As if it has few opponents, the Zimbabwean regime has ignited a war with the Catholic Church in Zimbabwe. The Zimbabwe Catholic Bishops Conference (ZCBC) issued a Pastoral Letter to the Catholic flock last week. The letter was critical of the government and human rights violations. It questioned the moral compass of the country’s leadership in light of the abductions, torture and harassment of citizens. The letter made reference to unresolved questions such as Gukurahundi.
Several things have happened since then.
The first was a vile statement issued by the Government through the Minister of Information, Publicity and Broadcasting Services, Monica Mutsvangwa. It was an ill-tempered statement which personally attacked the person and character of the head of the Catholic Church, Archbishop Robert Ndlovu. The worst parts were attacks that made reference to his ethnicity. The comments on Gukurahundi and the reference to the Ndebele ethnic group as “righteous” were hateful and in bad taste.
It was a statement written in anger, without reference to reason. It was so bad that one might have thought it was a fabrication meant to smear the government. But it was authentic. It was the hand of the regime. This was the regime simply being itself: undignified, uncouth and unrestrained in attack. This is the same approach it takes towards citizens. It has shot and killed citizens in cold blood. It has abducted and tortured citizens. It has arrested and jailed citizens on the most spurious charges, denying them bail. Therefore a vicious statement attacking a few Bishops means very little to them.
Soon after the first statement, which was read out on national television by the Mutsvangwa, the Secretary in her Ministry, Nick Mangwana issued another statement through the state daily, The Herald. It was an after-thought designed to qualify the intemperate statement made by the minister. But it was no better because it was underpinned by denials, accusations of the Bishops and the usual blame-shifting.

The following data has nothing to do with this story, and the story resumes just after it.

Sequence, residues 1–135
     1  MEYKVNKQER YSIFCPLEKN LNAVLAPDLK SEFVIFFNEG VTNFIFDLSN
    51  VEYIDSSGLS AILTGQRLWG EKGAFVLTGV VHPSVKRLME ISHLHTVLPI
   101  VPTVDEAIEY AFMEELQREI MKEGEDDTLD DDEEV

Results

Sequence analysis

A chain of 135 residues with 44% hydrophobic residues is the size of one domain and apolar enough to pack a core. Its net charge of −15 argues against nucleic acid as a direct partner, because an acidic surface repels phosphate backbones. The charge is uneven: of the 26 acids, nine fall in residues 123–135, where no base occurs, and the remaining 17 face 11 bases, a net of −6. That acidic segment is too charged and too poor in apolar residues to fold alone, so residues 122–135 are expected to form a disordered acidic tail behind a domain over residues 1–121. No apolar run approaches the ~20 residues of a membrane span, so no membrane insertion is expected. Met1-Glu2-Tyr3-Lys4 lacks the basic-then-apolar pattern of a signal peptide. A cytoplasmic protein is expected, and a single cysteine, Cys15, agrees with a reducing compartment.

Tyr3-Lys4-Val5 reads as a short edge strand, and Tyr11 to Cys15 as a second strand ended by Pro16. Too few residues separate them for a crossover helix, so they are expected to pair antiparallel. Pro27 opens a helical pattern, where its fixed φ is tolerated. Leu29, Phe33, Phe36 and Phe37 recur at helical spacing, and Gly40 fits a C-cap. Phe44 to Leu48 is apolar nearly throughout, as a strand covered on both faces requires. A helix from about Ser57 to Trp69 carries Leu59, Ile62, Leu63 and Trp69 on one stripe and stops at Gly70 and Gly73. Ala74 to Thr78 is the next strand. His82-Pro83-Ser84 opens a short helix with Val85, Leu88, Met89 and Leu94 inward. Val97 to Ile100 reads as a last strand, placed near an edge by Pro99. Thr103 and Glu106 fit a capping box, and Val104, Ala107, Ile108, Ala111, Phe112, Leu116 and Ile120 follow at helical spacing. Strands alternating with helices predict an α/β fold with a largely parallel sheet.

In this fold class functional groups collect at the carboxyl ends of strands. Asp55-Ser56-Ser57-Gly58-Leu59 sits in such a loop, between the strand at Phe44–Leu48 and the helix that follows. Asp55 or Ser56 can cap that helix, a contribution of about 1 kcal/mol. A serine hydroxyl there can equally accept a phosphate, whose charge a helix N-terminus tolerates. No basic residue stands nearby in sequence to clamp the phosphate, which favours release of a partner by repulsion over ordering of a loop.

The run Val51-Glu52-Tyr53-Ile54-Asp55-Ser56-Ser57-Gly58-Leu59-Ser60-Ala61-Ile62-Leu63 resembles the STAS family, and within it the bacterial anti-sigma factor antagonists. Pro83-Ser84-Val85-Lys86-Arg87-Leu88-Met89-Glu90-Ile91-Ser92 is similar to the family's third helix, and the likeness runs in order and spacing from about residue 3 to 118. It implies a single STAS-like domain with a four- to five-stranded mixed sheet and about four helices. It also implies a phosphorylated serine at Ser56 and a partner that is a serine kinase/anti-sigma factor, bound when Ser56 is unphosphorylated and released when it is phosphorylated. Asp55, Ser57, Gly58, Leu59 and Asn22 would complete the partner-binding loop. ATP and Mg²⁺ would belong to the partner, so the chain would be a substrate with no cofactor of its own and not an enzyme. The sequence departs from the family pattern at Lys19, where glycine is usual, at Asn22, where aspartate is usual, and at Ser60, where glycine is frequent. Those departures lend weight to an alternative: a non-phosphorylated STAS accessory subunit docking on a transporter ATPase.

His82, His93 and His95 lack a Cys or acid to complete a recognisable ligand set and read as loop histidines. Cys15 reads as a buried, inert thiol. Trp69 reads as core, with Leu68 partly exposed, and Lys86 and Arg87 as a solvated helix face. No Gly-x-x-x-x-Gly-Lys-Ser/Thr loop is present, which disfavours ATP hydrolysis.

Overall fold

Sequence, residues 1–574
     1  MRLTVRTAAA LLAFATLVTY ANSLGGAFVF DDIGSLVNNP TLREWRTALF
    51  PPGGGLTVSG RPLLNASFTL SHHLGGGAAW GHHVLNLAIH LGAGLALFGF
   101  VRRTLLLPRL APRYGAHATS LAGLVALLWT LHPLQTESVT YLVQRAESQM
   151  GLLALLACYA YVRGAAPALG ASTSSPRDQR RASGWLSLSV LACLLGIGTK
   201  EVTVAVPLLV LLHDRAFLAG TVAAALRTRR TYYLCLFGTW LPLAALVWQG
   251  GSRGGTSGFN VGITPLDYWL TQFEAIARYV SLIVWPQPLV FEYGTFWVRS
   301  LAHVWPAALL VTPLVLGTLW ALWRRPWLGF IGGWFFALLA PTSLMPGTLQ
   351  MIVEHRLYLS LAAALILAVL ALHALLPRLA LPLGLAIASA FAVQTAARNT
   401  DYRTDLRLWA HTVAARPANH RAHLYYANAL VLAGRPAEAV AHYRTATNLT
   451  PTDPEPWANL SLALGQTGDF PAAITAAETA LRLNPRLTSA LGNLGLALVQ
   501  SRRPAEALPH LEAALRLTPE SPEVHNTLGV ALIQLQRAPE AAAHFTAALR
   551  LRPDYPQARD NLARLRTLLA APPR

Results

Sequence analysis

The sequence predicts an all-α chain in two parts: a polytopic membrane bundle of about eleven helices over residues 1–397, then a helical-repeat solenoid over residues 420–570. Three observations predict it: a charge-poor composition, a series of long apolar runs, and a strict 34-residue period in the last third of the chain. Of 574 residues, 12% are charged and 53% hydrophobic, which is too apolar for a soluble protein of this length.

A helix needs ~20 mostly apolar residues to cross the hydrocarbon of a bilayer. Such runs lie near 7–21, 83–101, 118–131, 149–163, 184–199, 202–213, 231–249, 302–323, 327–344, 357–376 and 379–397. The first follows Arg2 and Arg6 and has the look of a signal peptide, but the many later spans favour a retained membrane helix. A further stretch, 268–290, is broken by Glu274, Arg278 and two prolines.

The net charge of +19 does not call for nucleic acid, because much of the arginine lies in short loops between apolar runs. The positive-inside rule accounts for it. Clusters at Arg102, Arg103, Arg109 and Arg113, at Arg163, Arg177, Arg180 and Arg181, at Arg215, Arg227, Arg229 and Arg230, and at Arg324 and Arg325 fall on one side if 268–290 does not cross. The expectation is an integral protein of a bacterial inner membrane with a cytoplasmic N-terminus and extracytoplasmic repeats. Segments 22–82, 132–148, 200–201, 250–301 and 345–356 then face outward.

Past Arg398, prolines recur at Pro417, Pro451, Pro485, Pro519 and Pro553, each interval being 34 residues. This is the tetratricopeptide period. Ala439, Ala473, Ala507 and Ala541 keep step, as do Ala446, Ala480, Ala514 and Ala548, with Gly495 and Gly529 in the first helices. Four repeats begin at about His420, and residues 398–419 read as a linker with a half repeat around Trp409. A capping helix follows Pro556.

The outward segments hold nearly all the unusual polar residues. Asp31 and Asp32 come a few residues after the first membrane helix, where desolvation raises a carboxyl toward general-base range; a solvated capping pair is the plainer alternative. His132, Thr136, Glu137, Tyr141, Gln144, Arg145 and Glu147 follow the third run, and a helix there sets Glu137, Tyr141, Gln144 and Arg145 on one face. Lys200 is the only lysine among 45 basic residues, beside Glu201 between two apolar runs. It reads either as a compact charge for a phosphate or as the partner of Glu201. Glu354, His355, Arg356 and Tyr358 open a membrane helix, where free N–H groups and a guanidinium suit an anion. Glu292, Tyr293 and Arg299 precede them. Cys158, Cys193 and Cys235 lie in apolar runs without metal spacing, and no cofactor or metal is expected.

Days later, the government issued a third statement through Ziyambi Ziyambi, the Minister of Justice, Legal and Parliamentary Affairs. It was a long, garrulous statement in which the government sought to defend itself while still attacking the Bishops. It was just as bad as the first statement, although this time, the government tried, without success, to sound mildly educated. There was an uncomfortable mixture of aggression and diplomacy in the rambling statement; an attempt at pacification while still hammering the Bishops.
If it was designed to present a more sophisticated and thoughtful face after the undignified first statement, it was still a dismal failure. In any event, the government made no reference to that ridiculous first statement. It did not qualify or disown it. It still stands as a record of what the government said in response to the Church.
Why the flurry of statements?
The fact that the government decided to issue three official statements in the space of a few days may be a sign of a government in panic. They had not expected the tough words from the Catholic Bishops. The government is used to dealing with and bashing opposition politicians and civil society. The hard and forthright language of the bishops took the regime by surprise because it probably thought the Catholic Church was in its pocket. The flurry of statements shows a government that panicked and has lost grip. Even the attempt to present a thoughtful and “comprehensive” response revealed deep insecurities.
It also shows a regime that has lost control of the national narrative. For several weeks now, ZANU PF has been reacting rather than setting the agenda. That is not the behaviour of a ruling party that is in charge of the national narrative. The lack of coordination and coherence in the response is itself a sign of poor leadership. Noone seems to know what they are doing. For years, ZANU PF has been in control of the national narrative, leaving everyone to react and respond. The terrain has changed: ZANU PF is the one that is in reactive mode most of the time.
Another reason for the flurry of responses is the existence of differences of opinion within the regime, with one group preferring the aggressiveness reflected in the first statement and the other group going for a mixture of aggressiveness and diplomacy reflected in the third. One faction might have suggested that it is better to qualify the first statement, although this did not work both in the second and third statements. Certainly, there are senior Catholics in the government, such as Vice President Constantino Chiwenga who might have been embarrassed by the first statement.